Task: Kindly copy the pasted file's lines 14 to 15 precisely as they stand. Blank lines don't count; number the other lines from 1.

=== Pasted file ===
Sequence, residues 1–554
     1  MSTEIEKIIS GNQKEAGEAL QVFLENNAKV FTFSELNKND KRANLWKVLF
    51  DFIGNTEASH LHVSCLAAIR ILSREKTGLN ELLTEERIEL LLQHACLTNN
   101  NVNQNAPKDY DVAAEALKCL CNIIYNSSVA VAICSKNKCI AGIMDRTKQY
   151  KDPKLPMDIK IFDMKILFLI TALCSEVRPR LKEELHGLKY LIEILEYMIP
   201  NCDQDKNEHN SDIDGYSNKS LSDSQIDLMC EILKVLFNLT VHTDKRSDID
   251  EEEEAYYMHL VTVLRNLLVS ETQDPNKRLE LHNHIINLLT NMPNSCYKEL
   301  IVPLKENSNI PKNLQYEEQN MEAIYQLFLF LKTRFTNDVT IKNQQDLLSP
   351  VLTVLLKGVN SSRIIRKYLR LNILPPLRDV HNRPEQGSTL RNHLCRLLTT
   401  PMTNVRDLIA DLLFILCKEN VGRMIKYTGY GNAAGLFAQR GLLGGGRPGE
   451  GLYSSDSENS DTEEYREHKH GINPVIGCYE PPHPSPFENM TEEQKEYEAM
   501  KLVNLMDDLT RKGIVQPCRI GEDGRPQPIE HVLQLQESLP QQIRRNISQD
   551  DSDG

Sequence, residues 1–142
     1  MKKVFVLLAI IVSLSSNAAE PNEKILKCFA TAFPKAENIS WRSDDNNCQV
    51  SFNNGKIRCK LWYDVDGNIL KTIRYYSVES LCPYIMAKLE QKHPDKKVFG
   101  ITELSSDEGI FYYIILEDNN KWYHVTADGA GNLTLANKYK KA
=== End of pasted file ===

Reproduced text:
Sequence, residues 1–142
     1  MKKVFVLLAI IVSLSSNAAE PNEKILKCFA TAFPKAENIS WRSDDNNCQV